British System


So that our students acquire and assimilate the knowledge and skills necessary for their intellectual and cultural development, at SHACKLETON INTERNATIONAL SCHOOL we follow the British educational model, which in addition to mastering the English language, favours practical and intuitive training, encourages teamwork and establishes clear objectives that guarantee continuous monitoring of the students’ learning process.

 10 key attributes of the British educational system:

Motivating dynamic

Stimulating environment and resources

Structured programme of objectives

Personalised levels of care

Importance of evaluation

Promotion of healthy interpersonal relationships

Critical judgement and passion for learning

Value and recognition of students’ work

Strong leadership



At SHACKLETON INTERNATIONAL SCHOOL, we use a variety of different methodologies, so that our students can acquire a solid and integral foundation. In this way, depending on the area of work, the characteristics of the group, and of each individual student, we select the strategy that we consider most effective for a better understanding of the subject material and its assimilation. We seek the participation of each student, the interaction between peers and group dynamism to achieve an enriched and universal education.

True educational innovation does not depend solely on the use of the ICTs in the classroom, it must also have a pedagogical meaning. That is why many of our most interesting innovations do not depend on technology.


With this style of teaching, the student becomes the protagonist of their own learning process.

Validations between the British and Spanish education systems


Stages of British education



The Early Years Foundation Stage (EYFS) is an educational programme for our youngest students aged two to five. At Shackleton International School, children are welcomed from age two years and eight months. The curriculum follows the EYFS ‘Birth to Five’ developmental objectives program, created by educational experts in the UK. We focus on supporting learning through play, nurturing curiosity, promoting independence and building a rich English language base. Shackleton International School uses a personalised, child-centred philosophy centred on respecting the child, fostering personal and emotional skills, and upholding family values. Learning is individualised, aligning with personal goals, enabling children to progress at their own rates, rather than a one-size-fits-all approach.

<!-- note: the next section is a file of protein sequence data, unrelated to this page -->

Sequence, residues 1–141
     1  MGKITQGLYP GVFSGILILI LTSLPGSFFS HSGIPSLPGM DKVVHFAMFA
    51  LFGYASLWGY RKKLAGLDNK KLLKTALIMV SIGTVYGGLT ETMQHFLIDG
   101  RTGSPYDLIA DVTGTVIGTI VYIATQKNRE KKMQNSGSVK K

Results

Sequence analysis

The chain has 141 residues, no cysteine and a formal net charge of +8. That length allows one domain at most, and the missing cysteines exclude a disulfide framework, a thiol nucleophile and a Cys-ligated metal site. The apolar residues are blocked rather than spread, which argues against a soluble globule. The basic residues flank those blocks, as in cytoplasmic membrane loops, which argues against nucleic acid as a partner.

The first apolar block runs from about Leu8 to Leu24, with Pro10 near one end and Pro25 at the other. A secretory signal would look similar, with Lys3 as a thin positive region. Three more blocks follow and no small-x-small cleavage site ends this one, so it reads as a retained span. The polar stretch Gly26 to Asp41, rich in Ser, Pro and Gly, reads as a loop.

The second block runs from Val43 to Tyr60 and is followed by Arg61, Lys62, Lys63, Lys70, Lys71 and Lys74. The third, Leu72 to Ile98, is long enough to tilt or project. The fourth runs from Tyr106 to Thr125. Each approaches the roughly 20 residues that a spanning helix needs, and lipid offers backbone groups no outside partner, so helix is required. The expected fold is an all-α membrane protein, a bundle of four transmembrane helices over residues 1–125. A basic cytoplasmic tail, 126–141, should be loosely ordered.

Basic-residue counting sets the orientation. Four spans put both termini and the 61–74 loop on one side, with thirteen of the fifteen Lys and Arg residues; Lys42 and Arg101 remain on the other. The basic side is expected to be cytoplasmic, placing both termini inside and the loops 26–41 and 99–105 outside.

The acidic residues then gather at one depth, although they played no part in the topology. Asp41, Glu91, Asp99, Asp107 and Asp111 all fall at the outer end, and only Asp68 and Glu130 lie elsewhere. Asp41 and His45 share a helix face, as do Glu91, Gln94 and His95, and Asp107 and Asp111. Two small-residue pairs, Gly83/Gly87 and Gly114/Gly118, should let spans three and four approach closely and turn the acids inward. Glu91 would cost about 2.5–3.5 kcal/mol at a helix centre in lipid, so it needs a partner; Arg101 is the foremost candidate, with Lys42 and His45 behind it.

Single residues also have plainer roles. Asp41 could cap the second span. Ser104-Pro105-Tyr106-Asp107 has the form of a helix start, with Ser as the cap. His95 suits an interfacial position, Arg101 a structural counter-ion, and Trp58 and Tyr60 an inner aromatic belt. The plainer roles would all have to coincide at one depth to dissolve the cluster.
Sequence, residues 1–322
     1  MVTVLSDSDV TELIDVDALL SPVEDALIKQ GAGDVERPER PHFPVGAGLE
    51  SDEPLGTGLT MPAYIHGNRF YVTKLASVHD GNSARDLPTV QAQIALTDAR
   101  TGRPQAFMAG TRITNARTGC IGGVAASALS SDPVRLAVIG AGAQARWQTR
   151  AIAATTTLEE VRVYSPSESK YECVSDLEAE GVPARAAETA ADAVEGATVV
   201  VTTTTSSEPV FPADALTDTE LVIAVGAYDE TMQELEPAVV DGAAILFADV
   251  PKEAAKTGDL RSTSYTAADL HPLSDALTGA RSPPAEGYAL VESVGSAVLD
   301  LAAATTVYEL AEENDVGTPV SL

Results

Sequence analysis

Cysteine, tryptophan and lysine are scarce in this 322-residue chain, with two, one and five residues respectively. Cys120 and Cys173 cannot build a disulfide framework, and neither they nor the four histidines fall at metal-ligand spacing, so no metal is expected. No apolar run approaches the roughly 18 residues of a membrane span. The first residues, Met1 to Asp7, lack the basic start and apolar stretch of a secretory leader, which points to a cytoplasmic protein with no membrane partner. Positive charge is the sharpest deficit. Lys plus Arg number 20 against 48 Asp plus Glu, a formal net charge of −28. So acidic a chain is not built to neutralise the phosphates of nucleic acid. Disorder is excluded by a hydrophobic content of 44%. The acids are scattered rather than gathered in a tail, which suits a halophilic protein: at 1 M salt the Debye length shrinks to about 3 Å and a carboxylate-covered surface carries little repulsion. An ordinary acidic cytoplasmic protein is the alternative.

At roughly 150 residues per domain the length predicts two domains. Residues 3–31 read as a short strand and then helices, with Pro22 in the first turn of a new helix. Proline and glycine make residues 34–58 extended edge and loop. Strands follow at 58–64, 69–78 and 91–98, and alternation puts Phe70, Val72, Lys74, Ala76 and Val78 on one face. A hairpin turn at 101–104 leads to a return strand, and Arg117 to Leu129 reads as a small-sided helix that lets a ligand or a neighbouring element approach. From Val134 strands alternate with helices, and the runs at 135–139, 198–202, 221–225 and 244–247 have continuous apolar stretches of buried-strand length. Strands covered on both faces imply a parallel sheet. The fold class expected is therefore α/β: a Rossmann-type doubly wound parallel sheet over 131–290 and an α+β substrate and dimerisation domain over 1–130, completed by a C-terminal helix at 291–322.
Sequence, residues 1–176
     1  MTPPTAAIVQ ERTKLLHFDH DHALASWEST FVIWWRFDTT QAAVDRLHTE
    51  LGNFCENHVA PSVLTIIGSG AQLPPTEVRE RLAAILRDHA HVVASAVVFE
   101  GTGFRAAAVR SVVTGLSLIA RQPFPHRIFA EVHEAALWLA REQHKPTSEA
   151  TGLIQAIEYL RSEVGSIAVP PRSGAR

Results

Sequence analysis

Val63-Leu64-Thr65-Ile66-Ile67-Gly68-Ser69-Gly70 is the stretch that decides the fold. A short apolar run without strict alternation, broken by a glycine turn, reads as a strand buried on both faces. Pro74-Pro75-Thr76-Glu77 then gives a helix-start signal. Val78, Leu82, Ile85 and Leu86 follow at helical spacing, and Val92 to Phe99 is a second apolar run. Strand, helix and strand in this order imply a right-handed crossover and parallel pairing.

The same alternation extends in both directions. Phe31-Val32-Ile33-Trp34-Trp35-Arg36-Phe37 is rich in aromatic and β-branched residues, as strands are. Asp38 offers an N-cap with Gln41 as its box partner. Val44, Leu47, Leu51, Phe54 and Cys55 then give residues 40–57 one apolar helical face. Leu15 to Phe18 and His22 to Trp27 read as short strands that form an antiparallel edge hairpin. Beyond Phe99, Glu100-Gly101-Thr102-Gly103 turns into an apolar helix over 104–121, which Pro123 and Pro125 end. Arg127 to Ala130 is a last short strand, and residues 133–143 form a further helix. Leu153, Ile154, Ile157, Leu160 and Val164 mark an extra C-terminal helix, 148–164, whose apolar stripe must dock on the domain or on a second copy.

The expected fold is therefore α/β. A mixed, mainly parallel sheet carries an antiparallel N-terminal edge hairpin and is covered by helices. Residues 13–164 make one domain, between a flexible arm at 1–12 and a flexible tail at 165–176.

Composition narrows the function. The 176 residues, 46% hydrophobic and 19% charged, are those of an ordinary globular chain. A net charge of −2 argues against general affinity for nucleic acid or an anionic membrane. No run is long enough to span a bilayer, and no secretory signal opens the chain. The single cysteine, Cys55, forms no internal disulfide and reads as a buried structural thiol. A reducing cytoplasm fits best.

Primary Education

The primary education stage at Shackleton comprises two Key Stages:

  • Key Stage 1 for students aged 5 to 7 (Year 1 and Year 2).
  • Key Stage 2 for students aged 7 to 11 (Year 3 to Year 6).

The curriculum fosters holistic development, covering mental, moral, cultural, and physical aspects. Recognising the significance of parental involvement, Shackleton encourages parents and relatives to support the learning process from home. However, there is a no-homework policy for primary students, promoting family time and reinforcing the idea of home as a relaxing environment. 

Secondary Education

Building on the comprehensive values instilled during the Primary stages, Secondary education at Shackleton International School aims to cultivate reflective, open-minded individuals who are adaptable to diverse environments. The goal is to nurture confidence and a passion for learning within the framework of a rigorous academic program. Unlike primary education, homework is assigned in secondary. However, its purpose is to reinforce class teachings or apply the flipped learning approach whereby the student reviews digitalised resources at home to then spend in-class time with engaging and active learning experiences. Shackleton prepares students for the International General Certificate of Secondary Education (IGCSE), a widely recognised English qualification for teenagers. Various preparation options are offered to support students in achieving success in this examination.

Sixth Form

Students will be granted direct access to prestigious universities in Spain and worldwide after their baccalaureate studies. Vocational orientation will be provided throughout these years to facilitate students in selecting university courses that align with their personal interests and equip them with the essential skills required for a prosperous professional trajectory.

Project based learning


A learning methodology in which students play an active role and academic motivation is favoured. The method consists of carrying out a project, usually in a group.



It is a learning style where the teacher provides the theoretical and procedural foundations, which serve as a basis for the students to carry out a set of previously designed activities (according to the topic discussed) with the aim of developing a tangible product. This basis, along with practice, leads to a better understanding of the topic at hand.

It is a methodology characterized by the interrelation between the theory and practice.

Group study